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WASHINGTON, Sept 21 (Reuters) - The U.S. Senate Judiciary Committee is scheduled to vote on Thursday on a bill that would allow state attorneys general to choose which court they bring antitrust cases.
Bills to assure that attorneys general can choose their venue were filed after Google asked that Texas' antitrust lawsuit against it to be moved to California. In August, it was moved to the Southern District of New York, where other similar cases were being heard.
A companion measure in the U.S. House of Representatives has passed out of committee but has not been considered by the full House.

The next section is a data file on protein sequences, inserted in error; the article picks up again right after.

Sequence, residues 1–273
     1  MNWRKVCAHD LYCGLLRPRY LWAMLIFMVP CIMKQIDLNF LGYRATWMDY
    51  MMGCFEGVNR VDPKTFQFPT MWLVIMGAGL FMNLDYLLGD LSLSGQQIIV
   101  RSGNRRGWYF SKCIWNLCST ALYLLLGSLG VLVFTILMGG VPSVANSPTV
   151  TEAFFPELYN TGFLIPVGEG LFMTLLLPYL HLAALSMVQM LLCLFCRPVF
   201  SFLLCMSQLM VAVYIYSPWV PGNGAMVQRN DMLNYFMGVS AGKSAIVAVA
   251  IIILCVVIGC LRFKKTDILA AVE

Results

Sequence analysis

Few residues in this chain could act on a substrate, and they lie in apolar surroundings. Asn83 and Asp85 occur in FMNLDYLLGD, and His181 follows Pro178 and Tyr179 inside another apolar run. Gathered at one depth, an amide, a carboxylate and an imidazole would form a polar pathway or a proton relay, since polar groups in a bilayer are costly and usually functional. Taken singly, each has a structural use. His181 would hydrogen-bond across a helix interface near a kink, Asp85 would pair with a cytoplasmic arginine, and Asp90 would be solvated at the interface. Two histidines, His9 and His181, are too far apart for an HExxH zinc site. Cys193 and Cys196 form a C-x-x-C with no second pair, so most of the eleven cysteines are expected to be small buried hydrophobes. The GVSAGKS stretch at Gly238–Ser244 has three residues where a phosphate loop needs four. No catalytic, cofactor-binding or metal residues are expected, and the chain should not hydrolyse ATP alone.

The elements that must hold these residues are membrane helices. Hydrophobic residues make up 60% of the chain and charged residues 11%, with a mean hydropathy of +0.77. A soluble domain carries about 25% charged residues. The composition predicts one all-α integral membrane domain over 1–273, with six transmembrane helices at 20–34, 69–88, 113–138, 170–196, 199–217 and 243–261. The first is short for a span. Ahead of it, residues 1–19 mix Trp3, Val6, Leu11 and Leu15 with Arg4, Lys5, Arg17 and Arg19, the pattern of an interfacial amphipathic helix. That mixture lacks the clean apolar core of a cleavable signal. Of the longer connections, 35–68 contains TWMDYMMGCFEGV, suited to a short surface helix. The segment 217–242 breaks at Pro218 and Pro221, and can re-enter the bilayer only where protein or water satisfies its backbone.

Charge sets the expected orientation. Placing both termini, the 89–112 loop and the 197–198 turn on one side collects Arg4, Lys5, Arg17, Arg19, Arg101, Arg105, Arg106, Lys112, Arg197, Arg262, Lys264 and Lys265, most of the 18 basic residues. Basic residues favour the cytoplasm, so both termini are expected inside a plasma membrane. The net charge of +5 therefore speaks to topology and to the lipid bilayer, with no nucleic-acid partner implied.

Texas and nine other states sued the search and advertising company in mid-December, accusing it of breaking antitrust law in how it dominates all steps in placing digital advertising. Publishers complain that one result has been lower revenues. Google has denied wrongdoing.
A bipartisan group of U.S. state attorneys general sent a letter to lawmakers on Monday urging them to approve the venue bill and others that would tighten antitrust laws aimed at Big Tech companies like Facebook and Google. (Reporting by Diane Bartz; Editing by Steve Orlofsky)